Sermons

Summary: The glue which holds us together is Jesus himself – not just Jesus as a philosophy of life but Jesus as a fleshy reality and Jesus as eternal life.

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All scripture quotations are from the New Living Translation of the Bible.

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I have in front of me several types of glue – bonding agents.

Elmers household glue is the most common. Very versatile – non-toxic, too. It dries kind of slowly, has limited bonding power. Don’t try to reattach your steering wheel with this. It also cracks as it gets old.

This is Liquid Nails – another versatile glue – for small projects – “construction grade, waterproof, fast bond.” I’ve used this on household projects – glueing paneling or furniture together.

This is Super Glue – fast drying – and dangerous. Cheryl doesn’t actually let me use this glue anymore – ever since that time that I accidently glued my fingers together!

Fortunately, Super Glue will break down with nail polish remover.

Folks, these are just a few of the thousands of glues that are on the market out there. And they each have their own strengths and weaknesses. They are each designed for specific uses.

This morning we are going to be talking about a glue that isn’t marketed. It isn’t available in a bottle or a convenient squeeze tube – but which is more powerful than anything you can buy.

This is the glue that holds us together as a church – and by church I’m not talking so much in organizational terms as I am in relational terms right now.

Now, of course, there are a lot of relational types of glue out there. Ethnicity can be a glue of limited strength.

And then, there are symbolic types of glue.

Scouts wear uniforms.

Different generations have their own hair cuts and some have pierced various body parts to show they belong.

Gang members have their colors. As do sports fans.

Americans tend to fly the flag as a symbol of patriotic unity.

Sometimes the glue is experiential. Those who went on the mission trip in Mexico have a unique bond that none of the rest of us can enter into.

Bonding, community, fellowship, GLUE!

And this is what the book of 1 John is about – except that John’s message is that Christians have a glue which is more powerful – and which transcends ethnicity, symbol, or experience. A unique glue which holds us together.

Look at verse 3 in 1 John 1 -- "...We are telling you about what we ourselves have actually seen and heard, so that you may have fellowship with us. And our fellowship is with the Father and with his Son, Jesus Christ."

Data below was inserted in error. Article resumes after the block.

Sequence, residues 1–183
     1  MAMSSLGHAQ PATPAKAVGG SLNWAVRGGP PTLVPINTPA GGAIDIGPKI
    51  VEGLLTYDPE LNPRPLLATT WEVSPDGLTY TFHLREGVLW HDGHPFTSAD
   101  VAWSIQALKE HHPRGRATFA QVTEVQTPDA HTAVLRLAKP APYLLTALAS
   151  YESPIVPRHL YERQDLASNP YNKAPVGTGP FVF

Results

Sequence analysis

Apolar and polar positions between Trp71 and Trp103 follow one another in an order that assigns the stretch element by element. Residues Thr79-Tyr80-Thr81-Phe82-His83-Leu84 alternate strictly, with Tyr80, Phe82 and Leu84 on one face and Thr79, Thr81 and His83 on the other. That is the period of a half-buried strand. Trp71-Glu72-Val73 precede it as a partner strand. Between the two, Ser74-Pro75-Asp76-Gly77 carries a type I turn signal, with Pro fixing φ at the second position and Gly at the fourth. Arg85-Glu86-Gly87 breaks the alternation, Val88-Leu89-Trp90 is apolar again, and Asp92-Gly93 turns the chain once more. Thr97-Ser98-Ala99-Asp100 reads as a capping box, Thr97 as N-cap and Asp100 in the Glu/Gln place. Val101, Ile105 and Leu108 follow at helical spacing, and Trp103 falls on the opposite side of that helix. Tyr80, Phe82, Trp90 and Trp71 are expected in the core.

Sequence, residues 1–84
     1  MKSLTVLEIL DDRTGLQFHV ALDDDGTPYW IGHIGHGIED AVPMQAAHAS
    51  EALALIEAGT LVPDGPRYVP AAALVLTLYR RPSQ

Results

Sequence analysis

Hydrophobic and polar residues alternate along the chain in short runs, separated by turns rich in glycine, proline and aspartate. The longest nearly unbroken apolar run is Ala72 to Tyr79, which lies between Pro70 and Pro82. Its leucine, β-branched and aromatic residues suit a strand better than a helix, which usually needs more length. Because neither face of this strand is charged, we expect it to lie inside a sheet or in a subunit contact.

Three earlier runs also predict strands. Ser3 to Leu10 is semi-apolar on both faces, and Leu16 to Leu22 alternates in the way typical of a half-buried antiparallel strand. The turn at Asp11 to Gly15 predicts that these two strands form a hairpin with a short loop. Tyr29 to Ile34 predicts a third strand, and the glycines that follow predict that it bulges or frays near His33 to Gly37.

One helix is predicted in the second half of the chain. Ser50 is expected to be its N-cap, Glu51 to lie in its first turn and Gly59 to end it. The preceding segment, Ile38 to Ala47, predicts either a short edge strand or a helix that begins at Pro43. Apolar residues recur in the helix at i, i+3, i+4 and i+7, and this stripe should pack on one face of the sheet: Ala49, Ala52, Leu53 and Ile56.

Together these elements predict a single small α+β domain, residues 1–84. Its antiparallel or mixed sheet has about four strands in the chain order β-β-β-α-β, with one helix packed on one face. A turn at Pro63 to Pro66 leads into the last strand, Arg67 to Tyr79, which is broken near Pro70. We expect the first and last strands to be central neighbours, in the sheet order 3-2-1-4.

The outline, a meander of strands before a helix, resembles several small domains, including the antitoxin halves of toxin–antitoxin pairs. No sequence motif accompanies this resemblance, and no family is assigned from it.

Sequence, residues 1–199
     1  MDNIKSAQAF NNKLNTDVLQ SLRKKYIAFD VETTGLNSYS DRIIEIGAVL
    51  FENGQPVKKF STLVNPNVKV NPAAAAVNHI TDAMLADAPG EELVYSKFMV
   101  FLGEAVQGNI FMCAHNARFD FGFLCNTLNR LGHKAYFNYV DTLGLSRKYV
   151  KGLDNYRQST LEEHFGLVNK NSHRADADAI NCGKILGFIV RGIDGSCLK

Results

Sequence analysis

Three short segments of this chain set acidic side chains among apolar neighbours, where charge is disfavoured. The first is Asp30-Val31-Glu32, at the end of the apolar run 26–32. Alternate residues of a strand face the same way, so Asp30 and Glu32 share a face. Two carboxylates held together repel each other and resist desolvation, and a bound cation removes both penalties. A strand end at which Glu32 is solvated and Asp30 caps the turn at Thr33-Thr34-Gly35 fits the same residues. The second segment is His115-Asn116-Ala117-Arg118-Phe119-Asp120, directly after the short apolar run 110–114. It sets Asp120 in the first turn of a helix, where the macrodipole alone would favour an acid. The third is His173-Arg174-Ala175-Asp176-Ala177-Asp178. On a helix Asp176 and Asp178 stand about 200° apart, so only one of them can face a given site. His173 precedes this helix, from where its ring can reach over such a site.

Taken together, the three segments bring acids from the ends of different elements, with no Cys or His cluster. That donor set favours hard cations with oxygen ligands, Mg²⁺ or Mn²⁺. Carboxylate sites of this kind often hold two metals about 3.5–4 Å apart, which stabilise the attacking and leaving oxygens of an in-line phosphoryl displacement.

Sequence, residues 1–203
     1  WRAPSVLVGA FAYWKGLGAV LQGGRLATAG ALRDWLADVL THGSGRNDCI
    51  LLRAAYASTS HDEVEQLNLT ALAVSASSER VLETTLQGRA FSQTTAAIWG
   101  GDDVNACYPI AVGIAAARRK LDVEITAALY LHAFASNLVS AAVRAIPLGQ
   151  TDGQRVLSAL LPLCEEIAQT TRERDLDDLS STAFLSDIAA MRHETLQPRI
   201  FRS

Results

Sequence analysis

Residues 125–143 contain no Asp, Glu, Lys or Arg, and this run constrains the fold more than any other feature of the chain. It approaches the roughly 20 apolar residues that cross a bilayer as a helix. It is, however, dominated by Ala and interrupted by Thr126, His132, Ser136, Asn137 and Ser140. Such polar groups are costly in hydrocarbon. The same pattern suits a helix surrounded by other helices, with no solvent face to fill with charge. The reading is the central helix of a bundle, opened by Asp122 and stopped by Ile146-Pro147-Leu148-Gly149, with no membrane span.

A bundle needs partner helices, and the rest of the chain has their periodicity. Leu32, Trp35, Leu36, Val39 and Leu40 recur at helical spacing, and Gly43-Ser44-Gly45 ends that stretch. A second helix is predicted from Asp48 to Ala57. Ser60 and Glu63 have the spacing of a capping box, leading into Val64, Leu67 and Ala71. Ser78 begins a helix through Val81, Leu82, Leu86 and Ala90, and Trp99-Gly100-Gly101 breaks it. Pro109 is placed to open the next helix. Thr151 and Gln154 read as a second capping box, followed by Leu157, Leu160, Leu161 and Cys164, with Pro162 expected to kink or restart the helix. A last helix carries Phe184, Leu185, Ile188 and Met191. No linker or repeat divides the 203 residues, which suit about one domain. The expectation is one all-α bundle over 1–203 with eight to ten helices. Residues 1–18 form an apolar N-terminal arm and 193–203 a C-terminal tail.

The word that John uses here for fellowship is KOINONIA -- which was the ancient Greek word for a common bond or partnership.

If two men went into business together they had koinonia. It meant to have something in common.

And John is saying: I want to tell you about true koinonia – true bonding -- a bonding that not only draws US together as partners but also links us up with God the Father and his Son Jesus Christ!

This is powerful glue!

This isn’t just the lite version that you might experience as you discuss your business. Even the bonding that soldiers in battle experience -- as powerful as that is--is lite, compared to the koinonia that we all have together as believers united with each other and God.

As a matter of fact, says John, this is so powerful and so important that his joy hinges on our willingness to take it all in.

Verse 4 -- “We are writing these things so that our joy may be complete...”

My happiness is, at least to a degree, dependent on your bonding with God and with us. There is nothing that’s going to make my day better than knowing that we’re united in fellowship.

Which brings us to the question -- why? Why is this type of fellowship so important? What makes this bonding so unique and powerful?

The answer that John gives us is summed up in one word. JESUS.

There is nothing more basic to our faith than Jesus. We believe that it is through JESUS alone that we are reconciled to God. Thru his life, death, and resurrection we enter into the good graces of God. We get reacquainted with God and his love for us.

So, it shouldn’t surprise us that John is pointing to Jesus as the source of our common bond – the glue that holds us together.

Now, in our four short verses this week John carefully lays out two aspects of Jesus that are key to our understanding of him and this common fellowship.

The first is this: THE BASIS OF OUR FELLOWSHIP AND JOY IS THE REALITY OF JESUS IN THE FLESH.

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